Even after Tennessee put strictures on the sale of alcohol, the jug trains, protected by the Interstate Commerce Clause of the Constitution, continued to bring their liquid in plain packages into nearby states. Although Congress in 1913 passed a law forbidding the practice, court challenges impeded its implementation for several years. In the meantime liquor houses like Scott Price’s took advantage.
It was not until 1915, therefore, that Scott Price was forced to shut down his liquor business. In the meantime he had become wealthy enough to purchase the mansion home shown below for himself, Roberta, and a corps of servants. Today it stands as Kappa Epsilon sorority house for women studying to become pharmacists. After a time without an occupation, Scott emerged in the 1820s as the president and CEO of the Chattanooga Paper & Woodenware Company. Of it one observer said: “There were always trucks loading and unloading there indicating a brisk business.” The shortest of the sons of George Price and one disadvantaged by never really having a father, Scott Price had ridden the liquor trade, his name and the “jug train” into wealth and a mansion home.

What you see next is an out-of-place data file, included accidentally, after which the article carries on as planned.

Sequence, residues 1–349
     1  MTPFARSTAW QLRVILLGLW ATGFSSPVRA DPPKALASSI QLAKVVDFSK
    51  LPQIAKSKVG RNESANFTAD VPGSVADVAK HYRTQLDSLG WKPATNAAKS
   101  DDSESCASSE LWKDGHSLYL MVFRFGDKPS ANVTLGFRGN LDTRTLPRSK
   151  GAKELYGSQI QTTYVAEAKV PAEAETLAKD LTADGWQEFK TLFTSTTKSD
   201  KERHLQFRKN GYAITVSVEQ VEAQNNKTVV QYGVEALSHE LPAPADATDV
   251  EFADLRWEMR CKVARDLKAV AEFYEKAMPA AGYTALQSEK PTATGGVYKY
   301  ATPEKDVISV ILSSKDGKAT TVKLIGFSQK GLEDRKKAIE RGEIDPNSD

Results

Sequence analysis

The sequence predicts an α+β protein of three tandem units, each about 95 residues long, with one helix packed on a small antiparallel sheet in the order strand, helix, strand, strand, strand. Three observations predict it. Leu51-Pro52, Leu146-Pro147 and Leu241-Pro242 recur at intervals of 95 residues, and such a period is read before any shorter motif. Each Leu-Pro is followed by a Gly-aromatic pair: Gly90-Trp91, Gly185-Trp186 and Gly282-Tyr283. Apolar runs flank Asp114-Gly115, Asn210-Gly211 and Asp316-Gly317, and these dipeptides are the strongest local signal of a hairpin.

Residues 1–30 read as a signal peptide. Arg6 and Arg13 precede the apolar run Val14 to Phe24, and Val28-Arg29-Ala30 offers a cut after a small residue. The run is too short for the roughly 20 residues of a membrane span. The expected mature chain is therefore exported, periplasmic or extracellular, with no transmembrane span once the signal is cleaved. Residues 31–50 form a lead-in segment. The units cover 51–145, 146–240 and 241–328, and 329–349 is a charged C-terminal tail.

Scott Price lived to see the repeal of National Prohibition and relaxation of Tennessee liquor laws but did not restart his whiskey business. He died in Chattanooga in March 1955 and was buried in Forest Hills Cemetery. Roberta would join him there in 1962.
Note: Gathered from a variety of sources, this post owes the most to Tom Carson (email@example.com) for an Internet article on the Scott Price Distillery. Modestly he says: “This article is not a scholarly article with all the footnotes, but is an attempt to add a little information to the history of liquor in Chattanooga.” Additional information and photos of Price’s shot glasses are from Robin Preston’s pre-Pro site.